The staff in Dingle Oceanworld were all a flutter when the penguin, weighing less than a quarter of a pound, arrived this week at the €1m Antarctic exhibition which mimics the icy conditions at the South Pole.
Penguin couples had paired off and laid eggs every breeding season since 2012 without success, but a chick finally poked his head through the very last egg to hatch out last Wednesday, causing the rest of his colony to scream in excitement.
Senior penguin keeper Louise Overy revealed how its seven-year-old father, Fletcher, sat firmly over the egg as the chick’s four-year-old mother, Sneachta, ran around in circles during much of the 12-hour hatching.
Ms Overy said: “We’re absolutely delighted. This year it actually happened. He is the first gentoo penguin to be born in Ireland so we have the oldest in Hef, who is about 25 years old, and the youngest gentoo penguin in Ireland.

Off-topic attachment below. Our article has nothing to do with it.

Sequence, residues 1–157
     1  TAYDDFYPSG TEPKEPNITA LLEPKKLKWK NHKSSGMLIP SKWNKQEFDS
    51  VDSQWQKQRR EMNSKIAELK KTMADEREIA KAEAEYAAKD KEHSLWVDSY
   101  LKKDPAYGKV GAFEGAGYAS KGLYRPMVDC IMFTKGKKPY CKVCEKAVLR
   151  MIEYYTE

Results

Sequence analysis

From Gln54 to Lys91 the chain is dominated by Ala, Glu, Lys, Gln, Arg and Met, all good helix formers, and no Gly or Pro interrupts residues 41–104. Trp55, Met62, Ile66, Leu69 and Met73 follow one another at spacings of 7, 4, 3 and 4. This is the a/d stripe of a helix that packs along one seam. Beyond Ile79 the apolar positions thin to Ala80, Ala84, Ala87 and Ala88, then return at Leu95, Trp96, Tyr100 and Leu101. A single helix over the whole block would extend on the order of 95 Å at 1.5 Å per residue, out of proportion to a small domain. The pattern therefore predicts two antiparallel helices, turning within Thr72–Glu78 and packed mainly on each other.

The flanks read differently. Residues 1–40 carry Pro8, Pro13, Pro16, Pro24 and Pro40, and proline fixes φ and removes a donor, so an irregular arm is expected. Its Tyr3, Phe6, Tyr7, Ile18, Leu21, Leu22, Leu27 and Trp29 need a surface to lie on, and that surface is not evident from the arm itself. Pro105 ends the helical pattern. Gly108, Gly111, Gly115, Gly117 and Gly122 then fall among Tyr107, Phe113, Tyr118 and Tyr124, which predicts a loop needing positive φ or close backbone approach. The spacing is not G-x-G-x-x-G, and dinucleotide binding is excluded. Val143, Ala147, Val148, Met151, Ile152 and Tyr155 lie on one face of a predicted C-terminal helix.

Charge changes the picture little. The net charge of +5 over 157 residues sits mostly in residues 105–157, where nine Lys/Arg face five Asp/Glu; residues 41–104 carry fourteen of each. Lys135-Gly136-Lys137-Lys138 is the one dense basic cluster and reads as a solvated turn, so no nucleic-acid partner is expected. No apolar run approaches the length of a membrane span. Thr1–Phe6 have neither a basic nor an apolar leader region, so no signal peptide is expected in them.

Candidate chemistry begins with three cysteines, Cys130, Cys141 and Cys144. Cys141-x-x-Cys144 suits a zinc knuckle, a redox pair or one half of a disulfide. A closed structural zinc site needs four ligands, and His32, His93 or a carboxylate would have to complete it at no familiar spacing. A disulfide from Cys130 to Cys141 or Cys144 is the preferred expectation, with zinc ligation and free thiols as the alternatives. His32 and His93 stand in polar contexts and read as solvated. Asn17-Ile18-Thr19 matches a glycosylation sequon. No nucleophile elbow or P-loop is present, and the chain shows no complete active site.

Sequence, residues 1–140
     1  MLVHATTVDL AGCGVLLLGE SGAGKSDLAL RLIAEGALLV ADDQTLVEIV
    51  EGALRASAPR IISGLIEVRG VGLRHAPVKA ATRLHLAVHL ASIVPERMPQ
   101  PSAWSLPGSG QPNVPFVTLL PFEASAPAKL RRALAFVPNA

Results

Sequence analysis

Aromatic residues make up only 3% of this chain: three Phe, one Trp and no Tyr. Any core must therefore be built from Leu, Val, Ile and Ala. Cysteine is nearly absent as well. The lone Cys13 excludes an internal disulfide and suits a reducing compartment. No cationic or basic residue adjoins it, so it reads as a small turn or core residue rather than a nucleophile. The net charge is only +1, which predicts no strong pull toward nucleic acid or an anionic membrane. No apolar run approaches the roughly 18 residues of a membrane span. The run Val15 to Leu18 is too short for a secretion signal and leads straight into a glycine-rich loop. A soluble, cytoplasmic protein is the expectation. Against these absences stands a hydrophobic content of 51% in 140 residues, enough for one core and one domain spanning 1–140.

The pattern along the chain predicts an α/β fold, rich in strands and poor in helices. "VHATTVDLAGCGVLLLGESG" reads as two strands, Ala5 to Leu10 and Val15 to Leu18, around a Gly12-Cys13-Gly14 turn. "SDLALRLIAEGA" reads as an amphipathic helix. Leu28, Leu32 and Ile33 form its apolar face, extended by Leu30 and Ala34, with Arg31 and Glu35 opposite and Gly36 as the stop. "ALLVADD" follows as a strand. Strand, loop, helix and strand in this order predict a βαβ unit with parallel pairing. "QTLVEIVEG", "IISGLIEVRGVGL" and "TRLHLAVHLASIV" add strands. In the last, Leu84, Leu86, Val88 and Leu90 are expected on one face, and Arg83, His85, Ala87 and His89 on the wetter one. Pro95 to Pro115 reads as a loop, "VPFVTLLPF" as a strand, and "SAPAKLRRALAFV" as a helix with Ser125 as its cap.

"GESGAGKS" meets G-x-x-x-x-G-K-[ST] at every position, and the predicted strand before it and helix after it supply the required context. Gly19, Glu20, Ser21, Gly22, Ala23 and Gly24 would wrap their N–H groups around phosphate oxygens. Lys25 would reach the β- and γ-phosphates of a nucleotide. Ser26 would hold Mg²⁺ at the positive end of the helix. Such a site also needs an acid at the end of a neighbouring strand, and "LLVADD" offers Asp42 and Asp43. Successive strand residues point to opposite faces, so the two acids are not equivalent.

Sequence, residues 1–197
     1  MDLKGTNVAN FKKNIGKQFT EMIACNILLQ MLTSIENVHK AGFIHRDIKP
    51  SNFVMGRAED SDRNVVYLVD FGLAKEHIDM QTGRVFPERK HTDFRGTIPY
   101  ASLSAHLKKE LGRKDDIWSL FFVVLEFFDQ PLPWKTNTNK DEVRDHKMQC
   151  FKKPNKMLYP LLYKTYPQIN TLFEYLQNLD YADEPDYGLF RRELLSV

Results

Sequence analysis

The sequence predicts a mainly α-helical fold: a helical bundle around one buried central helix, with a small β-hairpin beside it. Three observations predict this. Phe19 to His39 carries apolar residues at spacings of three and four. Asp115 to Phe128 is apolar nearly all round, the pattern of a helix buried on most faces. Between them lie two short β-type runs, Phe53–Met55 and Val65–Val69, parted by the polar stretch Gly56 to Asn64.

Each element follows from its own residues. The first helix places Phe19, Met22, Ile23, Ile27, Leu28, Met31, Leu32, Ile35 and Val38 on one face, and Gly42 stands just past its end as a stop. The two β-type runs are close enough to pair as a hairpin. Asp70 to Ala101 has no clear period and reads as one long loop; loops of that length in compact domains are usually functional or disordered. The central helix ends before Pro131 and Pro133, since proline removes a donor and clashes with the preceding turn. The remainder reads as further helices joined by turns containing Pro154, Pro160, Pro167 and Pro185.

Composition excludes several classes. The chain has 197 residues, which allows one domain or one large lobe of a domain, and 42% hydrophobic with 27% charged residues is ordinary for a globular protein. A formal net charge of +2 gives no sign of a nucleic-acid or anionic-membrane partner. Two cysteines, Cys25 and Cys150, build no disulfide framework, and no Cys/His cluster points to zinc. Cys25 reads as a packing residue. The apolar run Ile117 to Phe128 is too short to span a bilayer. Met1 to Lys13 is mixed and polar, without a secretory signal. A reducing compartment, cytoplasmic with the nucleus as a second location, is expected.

“It was the very last egg left to hatch. We had all but given up hope. It hatched on the 37th day like it is meant to.
“It was the dad on the egg when it happened. Fletcher was as cool as a cucumber. The mother wanted to get on but he would not let her.
“She was running around in circles looking at him and going full speed into the pool. She was very excited. He eventually let her on [the egg].”
The chick weighed in at 116g and measured 12.5cm in height. However, its sex cannot be determined until it grows adult feathers.
!Ms Overy said the chick has almost doubled in weight in his first week, with his dutiful parents taking turns to feed him with their own regurgitated meals.